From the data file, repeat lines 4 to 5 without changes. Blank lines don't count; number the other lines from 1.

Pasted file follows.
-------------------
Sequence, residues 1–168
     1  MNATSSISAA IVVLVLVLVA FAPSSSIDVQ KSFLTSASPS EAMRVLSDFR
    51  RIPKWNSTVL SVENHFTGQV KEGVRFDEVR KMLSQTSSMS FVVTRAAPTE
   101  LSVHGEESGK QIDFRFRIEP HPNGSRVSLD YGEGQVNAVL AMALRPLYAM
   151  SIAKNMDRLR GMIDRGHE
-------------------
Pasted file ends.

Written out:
   101  LSVHGEESGK QIDFRFRIEP HPNGSRVSLD YGEGQVNAVL AMALRPLYAM
   151  SIAKNMDRLR GMIDRGHE